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Corporate Governance

Corporate Governance

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Corporate governance


Corporate governance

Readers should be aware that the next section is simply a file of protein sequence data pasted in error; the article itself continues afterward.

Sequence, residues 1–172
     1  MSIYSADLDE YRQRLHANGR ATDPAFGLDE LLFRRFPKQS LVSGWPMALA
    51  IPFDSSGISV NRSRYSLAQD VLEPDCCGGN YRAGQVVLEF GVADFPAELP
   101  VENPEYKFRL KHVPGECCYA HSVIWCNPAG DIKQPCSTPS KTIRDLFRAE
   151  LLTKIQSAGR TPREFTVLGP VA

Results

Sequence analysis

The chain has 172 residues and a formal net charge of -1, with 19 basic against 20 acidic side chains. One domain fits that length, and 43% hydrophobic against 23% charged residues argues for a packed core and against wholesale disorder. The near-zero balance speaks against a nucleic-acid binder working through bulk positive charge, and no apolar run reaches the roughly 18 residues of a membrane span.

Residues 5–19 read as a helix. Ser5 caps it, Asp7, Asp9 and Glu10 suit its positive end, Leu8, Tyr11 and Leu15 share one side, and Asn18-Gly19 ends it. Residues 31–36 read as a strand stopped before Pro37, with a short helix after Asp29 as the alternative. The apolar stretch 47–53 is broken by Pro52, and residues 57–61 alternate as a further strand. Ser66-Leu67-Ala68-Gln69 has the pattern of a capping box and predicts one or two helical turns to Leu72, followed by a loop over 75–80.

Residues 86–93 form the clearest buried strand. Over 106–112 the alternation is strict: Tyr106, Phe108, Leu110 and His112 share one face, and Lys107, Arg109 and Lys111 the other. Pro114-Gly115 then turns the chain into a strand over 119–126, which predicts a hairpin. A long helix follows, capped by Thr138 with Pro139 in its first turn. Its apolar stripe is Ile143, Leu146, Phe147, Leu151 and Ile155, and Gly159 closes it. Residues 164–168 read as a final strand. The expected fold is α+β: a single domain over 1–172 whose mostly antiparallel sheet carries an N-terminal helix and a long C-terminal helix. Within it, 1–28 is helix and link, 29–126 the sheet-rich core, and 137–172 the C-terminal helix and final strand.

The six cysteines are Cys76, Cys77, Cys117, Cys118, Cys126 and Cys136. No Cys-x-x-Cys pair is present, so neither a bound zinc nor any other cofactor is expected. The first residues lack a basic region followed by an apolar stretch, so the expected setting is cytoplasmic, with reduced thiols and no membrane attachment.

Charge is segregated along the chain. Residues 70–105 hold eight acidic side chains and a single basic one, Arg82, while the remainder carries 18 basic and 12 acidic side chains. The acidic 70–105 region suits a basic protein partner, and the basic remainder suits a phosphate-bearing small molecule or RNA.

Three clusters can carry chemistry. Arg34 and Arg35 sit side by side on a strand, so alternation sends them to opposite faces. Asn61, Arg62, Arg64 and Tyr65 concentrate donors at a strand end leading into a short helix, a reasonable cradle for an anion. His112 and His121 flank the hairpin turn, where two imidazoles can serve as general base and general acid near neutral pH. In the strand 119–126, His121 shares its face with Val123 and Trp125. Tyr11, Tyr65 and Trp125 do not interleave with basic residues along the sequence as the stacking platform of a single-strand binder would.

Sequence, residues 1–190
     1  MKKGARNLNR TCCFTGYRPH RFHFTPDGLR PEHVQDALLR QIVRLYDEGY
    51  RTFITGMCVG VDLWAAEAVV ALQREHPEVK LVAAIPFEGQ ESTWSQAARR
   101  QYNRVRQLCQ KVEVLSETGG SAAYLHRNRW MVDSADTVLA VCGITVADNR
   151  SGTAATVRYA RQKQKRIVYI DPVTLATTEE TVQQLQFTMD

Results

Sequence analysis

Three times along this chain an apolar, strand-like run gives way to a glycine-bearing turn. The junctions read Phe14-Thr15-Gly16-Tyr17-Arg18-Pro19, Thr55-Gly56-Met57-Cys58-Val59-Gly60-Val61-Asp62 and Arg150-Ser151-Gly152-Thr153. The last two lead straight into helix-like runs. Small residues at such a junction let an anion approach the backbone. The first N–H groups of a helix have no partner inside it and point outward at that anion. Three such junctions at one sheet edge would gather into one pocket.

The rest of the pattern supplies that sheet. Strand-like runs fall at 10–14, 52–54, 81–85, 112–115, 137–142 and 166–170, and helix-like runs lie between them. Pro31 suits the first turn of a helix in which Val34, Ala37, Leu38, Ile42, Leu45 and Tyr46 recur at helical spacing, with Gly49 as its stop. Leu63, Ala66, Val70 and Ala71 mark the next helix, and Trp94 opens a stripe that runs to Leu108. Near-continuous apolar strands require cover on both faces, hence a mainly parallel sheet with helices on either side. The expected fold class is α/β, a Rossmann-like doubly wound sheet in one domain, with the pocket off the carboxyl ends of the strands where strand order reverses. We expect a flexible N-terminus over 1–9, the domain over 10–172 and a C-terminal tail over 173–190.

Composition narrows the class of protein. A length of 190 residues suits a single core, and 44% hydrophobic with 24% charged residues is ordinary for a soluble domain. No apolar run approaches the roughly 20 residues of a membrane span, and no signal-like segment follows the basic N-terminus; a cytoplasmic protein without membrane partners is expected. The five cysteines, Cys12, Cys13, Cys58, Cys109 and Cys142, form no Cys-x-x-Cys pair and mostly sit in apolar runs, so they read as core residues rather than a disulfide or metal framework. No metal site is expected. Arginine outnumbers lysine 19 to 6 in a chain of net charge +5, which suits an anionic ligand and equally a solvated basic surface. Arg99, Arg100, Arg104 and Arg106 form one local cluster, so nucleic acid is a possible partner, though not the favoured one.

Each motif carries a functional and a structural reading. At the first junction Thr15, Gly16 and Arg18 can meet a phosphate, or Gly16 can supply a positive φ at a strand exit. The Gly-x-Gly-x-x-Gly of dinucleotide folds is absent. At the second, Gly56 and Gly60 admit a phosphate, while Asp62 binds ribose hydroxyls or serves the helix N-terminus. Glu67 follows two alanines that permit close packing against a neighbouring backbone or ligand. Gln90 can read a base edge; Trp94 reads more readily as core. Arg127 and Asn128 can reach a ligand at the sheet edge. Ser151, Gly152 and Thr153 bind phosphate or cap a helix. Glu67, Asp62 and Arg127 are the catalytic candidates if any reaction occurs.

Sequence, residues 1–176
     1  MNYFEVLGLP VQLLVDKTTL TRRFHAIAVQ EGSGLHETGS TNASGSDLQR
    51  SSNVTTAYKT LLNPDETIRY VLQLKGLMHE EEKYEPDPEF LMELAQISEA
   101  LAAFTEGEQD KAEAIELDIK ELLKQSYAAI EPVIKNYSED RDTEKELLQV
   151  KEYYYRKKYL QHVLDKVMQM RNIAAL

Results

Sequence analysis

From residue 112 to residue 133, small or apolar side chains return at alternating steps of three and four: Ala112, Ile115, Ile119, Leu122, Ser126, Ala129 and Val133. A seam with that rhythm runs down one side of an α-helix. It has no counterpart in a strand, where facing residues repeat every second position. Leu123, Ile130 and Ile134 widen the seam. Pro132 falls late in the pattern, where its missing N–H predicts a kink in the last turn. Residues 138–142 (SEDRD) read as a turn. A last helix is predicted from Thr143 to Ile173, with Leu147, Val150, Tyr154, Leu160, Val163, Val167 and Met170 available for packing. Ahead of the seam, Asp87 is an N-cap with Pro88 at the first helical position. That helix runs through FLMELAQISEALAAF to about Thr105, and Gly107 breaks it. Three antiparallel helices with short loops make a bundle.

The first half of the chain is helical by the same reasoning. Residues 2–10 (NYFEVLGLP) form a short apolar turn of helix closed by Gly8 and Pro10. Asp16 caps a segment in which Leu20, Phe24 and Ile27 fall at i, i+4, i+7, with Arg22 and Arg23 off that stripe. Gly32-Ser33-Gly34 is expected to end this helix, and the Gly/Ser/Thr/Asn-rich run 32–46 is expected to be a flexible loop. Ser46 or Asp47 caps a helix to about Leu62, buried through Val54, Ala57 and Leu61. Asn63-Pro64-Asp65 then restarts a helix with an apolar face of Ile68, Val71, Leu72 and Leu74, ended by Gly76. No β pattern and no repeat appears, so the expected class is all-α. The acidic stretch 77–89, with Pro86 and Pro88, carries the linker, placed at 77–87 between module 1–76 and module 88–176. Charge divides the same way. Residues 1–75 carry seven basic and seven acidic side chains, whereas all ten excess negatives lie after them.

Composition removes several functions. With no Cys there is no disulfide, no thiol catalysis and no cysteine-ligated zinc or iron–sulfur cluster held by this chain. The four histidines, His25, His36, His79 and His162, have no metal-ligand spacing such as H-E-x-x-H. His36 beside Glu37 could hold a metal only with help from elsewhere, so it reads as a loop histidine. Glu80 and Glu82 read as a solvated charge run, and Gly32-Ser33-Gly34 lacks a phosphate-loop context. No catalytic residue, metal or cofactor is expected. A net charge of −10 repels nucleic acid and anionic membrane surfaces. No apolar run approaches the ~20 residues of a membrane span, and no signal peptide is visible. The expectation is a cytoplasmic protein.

Not to be confused with a corporate state, a corporative government rather than the government of a corporation Corporate governance is the set of processes, customs, policies, laws, and institutions affecting the way a corporation (or company) is directed, administered or controlled. Corporate governance also includes the relationships among the many stakeholders involved and the goals for which the corporation is governed. The principal stakeholders are the shareholders, the board of directors, executives, employees, customers, creditors, suppliers, and the community at large. Corporate governance is a multi-faceted subject.[1] An important theme of corporate governance is to ensure the accountability of certain individuals in an organization through mechanisms that try to reduce or eliminate the principal-agent problem. A related but separate thread of discussions focuses on the impact of a corporate governance system in economic efficiency, with a strong emphasis on shareholders' welfare. There are yet other aspects to the corporate governance subject, such as the stakeholder view and the corporate governance models around the world (see section 9 below). There has been renewed interest in the corporate governance practices of modern corporations since 2001, particularly due to the high-profile collapses of a number of large U.S. firms such as Enron Corporation and MCI Inc. (formerly WorldCom). In 2002, the U.S. federal government passed the Sarbanes-Oxley Act, intending to restore public confidence in corporate governance.